Speaking from personal experience as a former deep undercover officer in the New York City Police Department I submit that the most effective, and ultimately least intrusive method for the general population to endure in order to prevent a repetition of the September 2001 attack, is through infiltration of groups likely to be involved in such acts.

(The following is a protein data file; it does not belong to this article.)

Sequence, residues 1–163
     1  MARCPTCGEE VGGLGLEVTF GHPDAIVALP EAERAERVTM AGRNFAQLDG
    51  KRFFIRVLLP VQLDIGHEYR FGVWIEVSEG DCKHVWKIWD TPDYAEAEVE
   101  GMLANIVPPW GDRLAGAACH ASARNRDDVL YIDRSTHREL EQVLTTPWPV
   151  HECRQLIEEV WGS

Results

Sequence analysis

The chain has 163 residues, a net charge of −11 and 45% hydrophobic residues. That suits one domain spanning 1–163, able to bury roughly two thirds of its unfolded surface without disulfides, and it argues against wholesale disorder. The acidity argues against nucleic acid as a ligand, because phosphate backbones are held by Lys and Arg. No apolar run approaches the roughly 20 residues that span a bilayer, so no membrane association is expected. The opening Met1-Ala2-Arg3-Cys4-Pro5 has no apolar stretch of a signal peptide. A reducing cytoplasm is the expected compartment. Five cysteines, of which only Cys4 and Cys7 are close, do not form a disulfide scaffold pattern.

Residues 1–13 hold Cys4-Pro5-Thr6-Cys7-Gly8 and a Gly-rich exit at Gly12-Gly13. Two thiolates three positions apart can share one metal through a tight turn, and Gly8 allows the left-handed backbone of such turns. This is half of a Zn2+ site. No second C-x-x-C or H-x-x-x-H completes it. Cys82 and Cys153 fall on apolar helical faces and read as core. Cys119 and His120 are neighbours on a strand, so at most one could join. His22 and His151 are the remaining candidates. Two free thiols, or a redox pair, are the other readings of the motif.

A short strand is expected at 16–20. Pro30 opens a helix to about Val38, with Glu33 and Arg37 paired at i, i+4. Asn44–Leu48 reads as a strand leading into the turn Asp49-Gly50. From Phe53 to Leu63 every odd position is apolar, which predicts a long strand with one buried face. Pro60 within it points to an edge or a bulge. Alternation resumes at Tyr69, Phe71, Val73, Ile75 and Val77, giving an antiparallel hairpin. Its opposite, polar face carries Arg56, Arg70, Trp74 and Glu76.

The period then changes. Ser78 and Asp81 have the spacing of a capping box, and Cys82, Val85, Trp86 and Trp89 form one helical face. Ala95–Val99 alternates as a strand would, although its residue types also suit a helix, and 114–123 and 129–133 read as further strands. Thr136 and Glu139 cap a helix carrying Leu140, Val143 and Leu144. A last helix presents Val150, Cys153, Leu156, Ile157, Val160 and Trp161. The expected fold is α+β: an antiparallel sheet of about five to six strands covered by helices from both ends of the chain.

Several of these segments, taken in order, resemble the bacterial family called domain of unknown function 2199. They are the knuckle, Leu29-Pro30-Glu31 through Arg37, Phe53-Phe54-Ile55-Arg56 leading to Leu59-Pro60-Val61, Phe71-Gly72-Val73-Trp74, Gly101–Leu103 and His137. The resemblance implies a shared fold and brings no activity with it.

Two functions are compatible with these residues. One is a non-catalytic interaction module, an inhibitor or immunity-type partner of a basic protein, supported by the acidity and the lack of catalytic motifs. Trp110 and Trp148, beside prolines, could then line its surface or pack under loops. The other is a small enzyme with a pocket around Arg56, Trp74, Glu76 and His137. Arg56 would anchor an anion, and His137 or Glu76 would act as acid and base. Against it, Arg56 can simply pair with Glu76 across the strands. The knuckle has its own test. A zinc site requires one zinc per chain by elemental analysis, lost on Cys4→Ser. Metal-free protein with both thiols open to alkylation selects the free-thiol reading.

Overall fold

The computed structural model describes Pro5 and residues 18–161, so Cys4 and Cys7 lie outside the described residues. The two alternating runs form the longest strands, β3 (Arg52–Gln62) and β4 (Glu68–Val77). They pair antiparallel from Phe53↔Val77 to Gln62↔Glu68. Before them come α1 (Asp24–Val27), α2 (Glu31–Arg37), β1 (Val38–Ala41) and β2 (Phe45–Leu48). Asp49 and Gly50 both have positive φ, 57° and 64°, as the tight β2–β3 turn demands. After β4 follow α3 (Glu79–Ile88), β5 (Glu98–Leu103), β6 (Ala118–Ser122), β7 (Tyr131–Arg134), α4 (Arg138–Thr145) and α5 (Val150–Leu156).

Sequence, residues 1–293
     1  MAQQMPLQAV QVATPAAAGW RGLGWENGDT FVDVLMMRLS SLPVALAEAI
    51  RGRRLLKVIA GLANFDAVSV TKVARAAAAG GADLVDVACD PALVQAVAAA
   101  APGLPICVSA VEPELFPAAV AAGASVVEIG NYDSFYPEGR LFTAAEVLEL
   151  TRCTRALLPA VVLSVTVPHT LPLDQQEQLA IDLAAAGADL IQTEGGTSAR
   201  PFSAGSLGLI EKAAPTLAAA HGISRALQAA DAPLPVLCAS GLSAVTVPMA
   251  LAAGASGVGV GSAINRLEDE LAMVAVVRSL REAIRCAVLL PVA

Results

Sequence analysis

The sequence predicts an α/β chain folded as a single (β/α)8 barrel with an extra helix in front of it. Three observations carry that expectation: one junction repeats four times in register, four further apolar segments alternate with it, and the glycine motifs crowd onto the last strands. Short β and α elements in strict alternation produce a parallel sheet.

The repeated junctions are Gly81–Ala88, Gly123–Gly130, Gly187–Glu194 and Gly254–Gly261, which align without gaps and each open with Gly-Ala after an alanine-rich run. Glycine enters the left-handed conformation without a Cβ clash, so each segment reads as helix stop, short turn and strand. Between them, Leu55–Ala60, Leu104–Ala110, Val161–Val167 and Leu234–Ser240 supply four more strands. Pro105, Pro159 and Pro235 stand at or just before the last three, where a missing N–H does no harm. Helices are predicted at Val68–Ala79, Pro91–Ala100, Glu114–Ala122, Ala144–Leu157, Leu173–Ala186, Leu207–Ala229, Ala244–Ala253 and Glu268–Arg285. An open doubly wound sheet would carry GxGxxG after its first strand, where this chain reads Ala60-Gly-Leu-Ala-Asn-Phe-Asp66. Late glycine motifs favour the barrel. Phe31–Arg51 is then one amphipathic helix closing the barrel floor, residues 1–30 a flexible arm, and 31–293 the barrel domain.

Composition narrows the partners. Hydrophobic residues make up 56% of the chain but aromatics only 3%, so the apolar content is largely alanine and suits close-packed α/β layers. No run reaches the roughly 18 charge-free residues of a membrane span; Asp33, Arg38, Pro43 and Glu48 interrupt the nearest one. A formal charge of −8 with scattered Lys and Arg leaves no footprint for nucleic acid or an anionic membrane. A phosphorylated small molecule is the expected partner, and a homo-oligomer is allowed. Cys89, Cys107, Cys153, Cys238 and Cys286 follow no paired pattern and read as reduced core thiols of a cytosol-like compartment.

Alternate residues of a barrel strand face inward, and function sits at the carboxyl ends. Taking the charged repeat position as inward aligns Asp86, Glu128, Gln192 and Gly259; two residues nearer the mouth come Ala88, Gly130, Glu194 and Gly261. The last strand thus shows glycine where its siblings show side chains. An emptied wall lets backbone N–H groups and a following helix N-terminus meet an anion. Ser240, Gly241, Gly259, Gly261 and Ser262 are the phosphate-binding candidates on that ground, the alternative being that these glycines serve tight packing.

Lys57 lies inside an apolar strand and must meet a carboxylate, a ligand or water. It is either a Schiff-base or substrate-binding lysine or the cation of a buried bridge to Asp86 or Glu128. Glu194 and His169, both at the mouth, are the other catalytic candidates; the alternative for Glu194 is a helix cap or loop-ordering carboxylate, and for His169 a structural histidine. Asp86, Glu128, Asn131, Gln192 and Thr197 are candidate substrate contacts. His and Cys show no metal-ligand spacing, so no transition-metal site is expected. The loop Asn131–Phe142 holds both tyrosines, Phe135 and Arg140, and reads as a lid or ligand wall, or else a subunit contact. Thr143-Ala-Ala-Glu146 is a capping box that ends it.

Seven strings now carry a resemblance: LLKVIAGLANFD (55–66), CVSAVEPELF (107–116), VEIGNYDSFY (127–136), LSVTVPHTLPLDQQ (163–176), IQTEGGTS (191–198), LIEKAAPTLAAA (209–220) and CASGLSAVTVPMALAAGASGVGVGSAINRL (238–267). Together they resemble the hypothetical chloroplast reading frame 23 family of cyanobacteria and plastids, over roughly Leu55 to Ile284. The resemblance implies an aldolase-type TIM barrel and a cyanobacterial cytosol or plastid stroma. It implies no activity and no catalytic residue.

Many New York City cops know officers who have faced criminal prosecution as a result of having used force in the line of duty. Most of these prosecutions involve cases where the officer involved discharged a firearm resulting in the death of an individual. Prosecutions for firearms discharges by police in non-fatal injuries incidents are much less common. Regardless of the injury, every officer knows that when they fire their weapon an exhaustive investigation will result; nevertheless, many officers find themselves in a state of disbelief when it happens to them. When officers find themselves facing prosecution for what they felt was a routine use of non-lethal force, they often suffer a debilitating sense of disbelief over the consequences of their action. The purpose of this column is to examine the fallout from the use of “non-lethal force” resulting in a death or injury.